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Called Net Worth, this mini game saw us having to communicate as a team to operate a net and capture fish swimming through a river. The more fish we caught, the more points we’d get. Everyone needed to swing their Joy-Con up at the same time in order for the net to come up and toss the fish into our bucket, though, and so once again communication was critical. We didn’t do too bad in Net Worth, and the co-operative nature of it all was enjoyable.

Time plays a key role in River Survival, and having the timer run out will result in a game over. Playing mini games, however, will give you more time, and a good rank in a mini game (which range from S to C depending on how well you and your team do) will give you a time bonus.

My favourite mini game in River Survival that I played was called Isthmus Be The Bomb, which had us co-operating together to carry fireworks to a cannon. Given it’s a co-op game, the spin here is that each player has to carry the fireworks through a perilously windy road — which is just wide enough to hold your character — and hand it off to the next person, relay style. Each character would walk a part of the track while other players would watch on, leading to some serious tension as we approached the finish line. Team-based mini games like this one, which involve all four players working together, seem like they’ll be a great way of breaking up the core gameplay modes that will be in Super Mario Party, and I’m really keen to play more of it come launch later this year.

Our final part of the hands-on demo was giving Toad’s Rec Room a crack, which requires two undocked Switches to work and a copy of the game for both consoles. We got to try out two already announced games in this mode, which were Shell Shock Deluxe, a 2v2 tank mini game that saw us linking the Switches together to create battlefields, and Banana, Split, which had us linking unfinished images of bananas together via both consoles.

The latter was no doubt the better of the two, and resulted in a small time-based competition between the three of us playing. As you linked more banana images together, constantly turning the Switches in a multitude of different angles in order to match them, the mode would add in more bananas to throw you off and make things difficult. It was stupidly fun, and works tremendously well between the two Switches. Joining the bananas only required a line drawn across the Switches with your finger to join them up, and then it was on to the next part of the level.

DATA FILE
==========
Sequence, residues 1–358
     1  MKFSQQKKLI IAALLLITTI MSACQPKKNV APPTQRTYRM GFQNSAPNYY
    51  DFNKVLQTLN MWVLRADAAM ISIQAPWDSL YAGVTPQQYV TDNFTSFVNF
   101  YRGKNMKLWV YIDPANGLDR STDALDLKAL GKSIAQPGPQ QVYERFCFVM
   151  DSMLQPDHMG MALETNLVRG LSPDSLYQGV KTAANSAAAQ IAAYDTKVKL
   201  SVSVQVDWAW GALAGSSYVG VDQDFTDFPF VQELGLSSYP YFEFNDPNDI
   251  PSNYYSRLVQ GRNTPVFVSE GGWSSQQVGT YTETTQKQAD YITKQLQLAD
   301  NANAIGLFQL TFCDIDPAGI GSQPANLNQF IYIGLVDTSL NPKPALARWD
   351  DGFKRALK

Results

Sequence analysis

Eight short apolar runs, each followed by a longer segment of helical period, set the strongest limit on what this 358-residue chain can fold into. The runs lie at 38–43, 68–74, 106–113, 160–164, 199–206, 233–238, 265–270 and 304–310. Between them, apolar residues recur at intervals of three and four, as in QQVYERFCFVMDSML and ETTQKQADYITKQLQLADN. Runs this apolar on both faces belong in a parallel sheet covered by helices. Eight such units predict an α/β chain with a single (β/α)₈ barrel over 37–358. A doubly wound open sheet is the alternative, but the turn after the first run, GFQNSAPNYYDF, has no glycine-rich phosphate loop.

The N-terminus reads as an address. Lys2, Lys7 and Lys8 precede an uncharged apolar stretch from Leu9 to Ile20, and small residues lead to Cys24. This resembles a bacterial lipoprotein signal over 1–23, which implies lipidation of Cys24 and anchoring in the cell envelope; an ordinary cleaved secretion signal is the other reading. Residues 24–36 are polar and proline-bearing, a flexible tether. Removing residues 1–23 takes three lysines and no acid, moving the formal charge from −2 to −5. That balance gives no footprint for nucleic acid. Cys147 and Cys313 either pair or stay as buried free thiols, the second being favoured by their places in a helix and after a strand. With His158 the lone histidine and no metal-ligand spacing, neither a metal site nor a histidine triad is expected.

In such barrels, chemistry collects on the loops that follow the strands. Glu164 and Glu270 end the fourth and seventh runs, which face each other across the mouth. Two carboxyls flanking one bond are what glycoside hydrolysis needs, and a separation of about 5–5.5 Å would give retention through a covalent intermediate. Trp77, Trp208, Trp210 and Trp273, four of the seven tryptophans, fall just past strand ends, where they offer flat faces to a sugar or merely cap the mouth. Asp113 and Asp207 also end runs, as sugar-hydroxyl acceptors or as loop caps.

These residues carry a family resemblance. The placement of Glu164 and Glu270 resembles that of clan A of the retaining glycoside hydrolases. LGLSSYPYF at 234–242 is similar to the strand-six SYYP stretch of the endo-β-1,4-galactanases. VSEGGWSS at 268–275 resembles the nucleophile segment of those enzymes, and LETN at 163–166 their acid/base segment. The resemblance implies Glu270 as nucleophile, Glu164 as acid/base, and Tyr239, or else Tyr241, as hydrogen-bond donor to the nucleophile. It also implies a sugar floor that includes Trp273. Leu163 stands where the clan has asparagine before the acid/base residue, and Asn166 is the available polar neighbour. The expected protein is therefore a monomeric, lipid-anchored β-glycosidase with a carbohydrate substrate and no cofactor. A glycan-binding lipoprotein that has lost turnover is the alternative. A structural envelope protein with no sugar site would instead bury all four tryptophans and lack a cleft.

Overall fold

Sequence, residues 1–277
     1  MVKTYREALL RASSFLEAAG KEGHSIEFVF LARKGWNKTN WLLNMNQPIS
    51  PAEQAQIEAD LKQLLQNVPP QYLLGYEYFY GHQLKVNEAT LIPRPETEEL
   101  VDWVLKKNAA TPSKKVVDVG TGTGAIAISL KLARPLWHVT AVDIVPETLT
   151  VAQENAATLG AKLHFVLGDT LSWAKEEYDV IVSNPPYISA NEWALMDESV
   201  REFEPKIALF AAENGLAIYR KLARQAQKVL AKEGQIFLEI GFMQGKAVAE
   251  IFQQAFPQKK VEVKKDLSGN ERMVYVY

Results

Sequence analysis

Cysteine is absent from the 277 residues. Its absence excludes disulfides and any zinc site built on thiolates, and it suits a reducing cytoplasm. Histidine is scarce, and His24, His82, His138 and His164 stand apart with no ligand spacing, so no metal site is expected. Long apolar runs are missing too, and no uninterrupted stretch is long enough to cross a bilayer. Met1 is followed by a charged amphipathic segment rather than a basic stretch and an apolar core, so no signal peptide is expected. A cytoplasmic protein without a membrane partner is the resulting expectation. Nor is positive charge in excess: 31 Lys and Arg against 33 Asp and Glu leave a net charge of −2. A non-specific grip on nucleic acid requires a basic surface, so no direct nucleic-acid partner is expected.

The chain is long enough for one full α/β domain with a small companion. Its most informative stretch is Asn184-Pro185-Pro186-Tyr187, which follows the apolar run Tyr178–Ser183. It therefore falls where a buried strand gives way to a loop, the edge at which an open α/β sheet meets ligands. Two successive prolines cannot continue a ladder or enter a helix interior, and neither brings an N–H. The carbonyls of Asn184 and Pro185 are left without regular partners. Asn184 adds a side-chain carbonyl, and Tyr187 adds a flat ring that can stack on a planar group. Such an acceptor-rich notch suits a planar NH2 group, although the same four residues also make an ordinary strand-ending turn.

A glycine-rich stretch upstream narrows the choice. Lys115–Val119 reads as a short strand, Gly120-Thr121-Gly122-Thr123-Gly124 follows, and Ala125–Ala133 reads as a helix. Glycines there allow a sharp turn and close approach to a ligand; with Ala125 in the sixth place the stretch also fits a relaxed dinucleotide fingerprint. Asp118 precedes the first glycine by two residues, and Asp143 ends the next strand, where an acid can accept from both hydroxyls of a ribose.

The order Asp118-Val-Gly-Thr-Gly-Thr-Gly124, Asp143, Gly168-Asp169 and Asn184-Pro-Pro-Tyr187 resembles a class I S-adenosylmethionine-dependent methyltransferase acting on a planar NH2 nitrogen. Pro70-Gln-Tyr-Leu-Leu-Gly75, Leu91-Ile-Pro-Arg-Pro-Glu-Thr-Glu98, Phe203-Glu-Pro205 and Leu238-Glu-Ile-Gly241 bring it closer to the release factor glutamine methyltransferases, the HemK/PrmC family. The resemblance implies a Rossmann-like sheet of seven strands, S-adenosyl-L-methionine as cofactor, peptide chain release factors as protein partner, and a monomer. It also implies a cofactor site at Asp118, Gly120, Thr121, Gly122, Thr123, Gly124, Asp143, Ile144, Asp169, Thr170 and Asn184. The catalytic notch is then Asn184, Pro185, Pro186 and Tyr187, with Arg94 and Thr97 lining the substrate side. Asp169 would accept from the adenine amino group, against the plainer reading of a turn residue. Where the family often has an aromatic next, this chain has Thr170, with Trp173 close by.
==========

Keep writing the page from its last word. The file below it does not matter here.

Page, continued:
This kind of tech really separates Super Mario Party from the other party games out there on the system, and, combined with the other modes I played, is putting together a package that is as diverse as it is enjoyable. The Toad’s Rec Room games aren’t part of the 80 included mini games that form most of Super Mario Party either, which means there’ll be plenty of new things to play for a while.

I have very little complaints in relation to my time with Super Mario Party, and think the game is shaping up to be something really, really great. It’s been a long time since we’ve had a great Mario Party game, and after an hour of hands-on time I’m beginning to think we might just be set for the best one yet. That said, I am slightly concerned as to how the single player will go, though that has always been a weak point of the series in general. For now, if you have a group of friends keen on some Mario Party action, Super Mario Party should well and truly be on your radar.

Super Mario Party lands on Nintendo Switch on October 5.